Sunday, July 28, 2013

Another star turn by the "Dimestore Dostoyevsky"

Crime novelist JIM THOMPSON had such a way with first-person narratives featuring murderous psychotics that he was tagged the "Dimestore Dostoyevsky."
I just finished reading Thompson's 1964 masterpiece, "POP. 1280," and I'm still stunned at the novel's marvelous construction.
Narrator Nick Corey is a small-town sheriff who performs just enough of his sworn duties to keep his post.
As Corey explains in the opening of the novel:
"Well, sir, I should have been sitting pretty, just about as pretty as a man could sit. Here I was, the high sheriff of Potts County... I had it made, and it looked like I could go on having it made -- being high sheriff of Potts County -- as long as I minded my own business and didn't arrest no one unless I just couldn't get out of it and they didn't amount to nothin'."
During the course of a funny novel that grows more darkly sinister with each turning of a page, the reader learns that Corey is not the lazy and somewhat brainless protagonist we thought we knew.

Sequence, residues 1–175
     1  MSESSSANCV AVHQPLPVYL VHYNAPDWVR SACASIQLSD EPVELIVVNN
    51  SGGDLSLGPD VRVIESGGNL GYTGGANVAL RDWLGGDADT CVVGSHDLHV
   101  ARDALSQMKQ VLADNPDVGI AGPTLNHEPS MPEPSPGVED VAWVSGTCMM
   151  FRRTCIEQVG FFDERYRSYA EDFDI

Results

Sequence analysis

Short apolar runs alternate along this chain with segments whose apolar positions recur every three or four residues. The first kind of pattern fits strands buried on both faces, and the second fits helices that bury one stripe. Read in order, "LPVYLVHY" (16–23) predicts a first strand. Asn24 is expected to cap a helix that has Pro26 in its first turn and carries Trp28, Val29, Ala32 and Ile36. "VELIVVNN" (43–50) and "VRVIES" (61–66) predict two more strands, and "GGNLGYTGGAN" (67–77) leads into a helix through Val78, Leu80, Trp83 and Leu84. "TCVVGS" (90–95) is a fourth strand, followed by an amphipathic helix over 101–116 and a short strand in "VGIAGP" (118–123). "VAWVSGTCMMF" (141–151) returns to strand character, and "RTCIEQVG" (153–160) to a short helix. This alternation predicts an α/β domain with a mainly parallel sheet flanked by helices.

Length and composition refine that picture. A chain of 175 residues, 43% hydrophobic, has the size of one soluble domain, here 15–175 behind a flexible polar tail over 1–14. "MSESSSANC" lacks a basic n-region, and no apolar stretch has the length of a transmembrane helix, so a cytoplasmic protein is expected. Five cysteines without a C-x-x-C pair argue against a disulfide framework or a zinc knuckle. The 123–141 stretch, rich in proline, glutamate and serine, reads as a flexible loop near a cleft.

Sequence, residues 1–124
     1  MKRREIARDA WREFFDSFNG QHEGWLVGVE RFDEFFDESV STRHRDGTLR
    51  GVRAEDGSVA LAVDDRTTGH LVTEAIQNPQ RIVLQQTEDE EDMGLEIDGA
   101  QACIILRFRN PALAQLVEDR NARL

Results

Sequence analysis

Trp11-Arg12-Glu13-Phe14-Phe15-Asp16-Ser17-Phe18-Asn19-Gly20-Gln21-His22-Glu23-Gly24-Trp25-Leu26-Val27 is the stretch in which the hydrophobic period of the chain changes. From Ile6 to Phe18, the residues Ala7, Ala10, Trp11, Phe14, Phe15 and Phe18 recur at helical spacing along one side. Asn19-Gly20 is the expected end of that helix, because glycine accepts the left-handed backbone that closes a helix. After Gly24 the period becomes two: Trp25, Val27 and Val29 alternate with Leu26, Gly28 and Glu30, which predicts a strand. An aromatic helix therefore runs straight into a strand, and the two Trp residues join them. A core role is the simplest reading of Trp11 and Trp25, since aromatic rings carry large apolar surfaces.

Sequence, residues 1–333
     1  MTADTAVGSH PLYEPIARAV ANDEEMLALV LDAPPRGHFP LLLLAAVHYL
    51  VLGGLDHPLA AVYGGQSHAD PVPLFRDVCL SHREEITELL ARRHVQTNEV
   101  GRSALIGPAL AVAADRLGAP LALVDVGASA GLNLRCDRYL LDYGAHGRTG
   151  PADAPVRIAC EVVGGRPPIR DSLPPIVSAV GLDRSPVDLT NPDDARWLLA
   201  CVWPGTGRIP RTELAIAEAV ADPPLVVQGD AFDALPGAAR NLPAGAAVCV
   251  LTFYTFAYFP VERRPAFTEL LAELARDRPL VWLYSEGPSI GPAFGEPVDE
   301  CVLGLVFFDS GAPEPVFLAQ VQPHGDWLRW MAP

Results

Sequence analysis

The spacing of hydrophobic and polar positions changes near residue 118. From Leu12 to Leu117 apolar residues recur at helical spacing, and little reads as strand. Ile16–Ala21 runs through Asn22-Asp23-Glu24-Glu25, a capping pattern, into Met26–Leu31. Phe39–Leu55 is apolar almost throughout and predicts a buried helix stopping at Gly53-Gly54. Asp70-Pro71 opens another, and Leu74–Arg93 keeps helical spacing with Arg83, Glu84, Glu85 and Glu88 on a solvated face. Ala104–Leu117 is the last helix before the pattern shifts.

Instead, Corey reveals himself to be a cunning manipulator who takes his murderous vengeance with a missionary's zeal.
It makes for truly chilling reading to realize Corey's carefully crafted plots against people and the way he uses racism and society's rigid propriety to help cover his tracks.
"Pop. 1280" is a remarkable tale and a stark view of a man who can calmly end lives with the skill of a puppeteer.
Canadian writer Stephen Marche characterized "Pop. 1280" as Thompson's "true masterpiece" -- "a preposterously upsetting, ridiculously hilarious layer cake of nastiness, a romp through a world of nearly infinite deceit."

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